The announcement of the “Advisory Committee” has been made for PR purposes and raises more questions than hopes. What exactly is the Advisory Committee supposed to produce? Why were they not invited to participate during the RFQ process wherein the City heard from respondents about the technologies under consideration? None of the local groups who have voiced concerns about a One-Bin program been asked to serve on the Advisory Committee, and no one from the neighborhoods where this facility will be built has been invited either. It is also ineffective to evaluate “One Bin for All” in isolation while groups have proposed alternatives, including keeping recycling and trash separate, implementing organics recycling, creating new incentives and investing in education programs to boost participation.

The participation rates with recycling have been increasing since the City has started to switch to the “big, green bins” and we believe the “One Bin for All” will waste the progress Houston is currently making in real recycling. Without any investment in public education whatsoever, the participation rates have still increased from 22% to 62% with the big, green recycling bins simply because they are a better design. Far from “innovation,” what City Hall is proposing is a proven failure that will set real progress on waste reduction, recycling and sustainability back for years to come. Houston needs a long-term plan to eliminate waste at its source and provide universal recycling where we live, work and play, the way other cities in Texas and across the country are now doing. City Hall needs to abandon this terrible proposal that would turn our trash in to air pollution, harming the environment, our health and the recycling economy.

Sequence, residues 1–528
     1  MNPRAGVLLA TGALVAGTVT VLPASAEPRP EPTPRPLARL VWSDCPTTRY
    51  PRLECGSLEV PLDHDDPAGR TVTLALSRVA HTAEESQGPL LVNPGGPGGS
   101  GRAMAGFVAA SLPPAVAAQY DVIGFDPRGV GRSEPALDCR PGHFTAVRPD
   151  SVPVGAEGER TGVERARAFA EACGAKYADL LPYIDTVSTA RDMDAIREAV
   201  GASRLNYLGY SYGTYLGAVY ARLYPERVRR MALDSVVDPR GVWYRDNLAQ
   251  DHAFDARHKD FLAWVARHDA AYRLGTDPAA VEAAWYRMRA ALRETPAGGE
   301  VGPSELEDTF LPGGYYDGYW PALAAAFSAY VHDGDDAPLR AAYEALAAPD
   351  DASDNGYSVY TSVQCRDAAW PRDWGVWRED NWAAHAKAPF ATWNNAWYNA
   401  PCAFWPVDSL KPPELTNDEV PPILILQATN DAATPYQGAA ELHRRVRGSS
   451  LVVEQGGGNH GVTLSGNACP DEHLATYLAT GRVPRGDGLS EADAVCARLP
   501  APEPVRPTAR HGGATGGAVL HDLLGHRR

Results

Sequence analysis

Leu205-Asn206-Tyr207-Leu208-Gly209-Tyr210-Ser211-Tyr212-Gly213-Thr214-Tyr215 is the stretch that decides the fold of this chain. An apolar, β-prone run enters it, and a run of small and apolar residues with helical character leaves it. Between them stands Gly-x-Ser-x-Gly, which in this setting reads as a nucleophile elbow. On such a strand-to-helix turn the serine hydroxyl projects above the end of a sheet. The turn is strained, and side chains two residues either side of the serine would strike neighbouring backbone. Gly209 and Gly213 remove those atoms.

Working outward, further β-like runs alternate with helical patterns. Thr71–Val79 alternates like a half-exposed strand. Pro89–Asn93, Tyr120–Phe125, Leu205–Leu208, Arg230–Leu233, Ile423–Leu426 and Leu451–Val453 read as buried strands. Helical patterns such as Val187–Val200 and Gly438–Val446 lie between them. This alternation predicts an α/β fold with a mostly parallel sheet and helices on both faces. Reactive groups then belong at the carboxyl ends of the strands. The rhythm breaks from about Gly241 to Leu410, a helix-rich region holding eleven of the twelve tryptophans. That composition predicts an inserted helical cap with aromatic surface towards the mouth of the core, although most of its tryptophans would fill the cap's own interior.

So there you have it. I will be very interested to see what kind of responses the RFP gets. What are your thoughts on this?

UPDATE: Here’s the Chron story on this.

The Trib writes about One Bin For All

Mostly familiar information if you’ve been following this story, but a good overview if it’s new to you.

Laura Spanjian, Houston’s director of sustainability, says the city is spending millions to expand its conventional recycling service and is still evaluating all the options for its one-bin concept. The city hopes that the one-bin idea would eventually divert three-quarters of its trash from landfills and that new facilities would create more than 100 “high tech” jobs.

Spanjian said the city believes its proposal is the best way to boost dismal recycling rates and save money.

“We’re not paying the capital at all,” she said. “Our goal is to keep it cost-neutral.”

Kim Jones, a a professor of environmental engineering at Texas A&M University-Kingsville, said that recyclable material is most valuable when it is dry, so mixing it with trash such as food could make it harder to sell. “That’s going to contaminate your paper, and your end user is not going to want that material,” he said.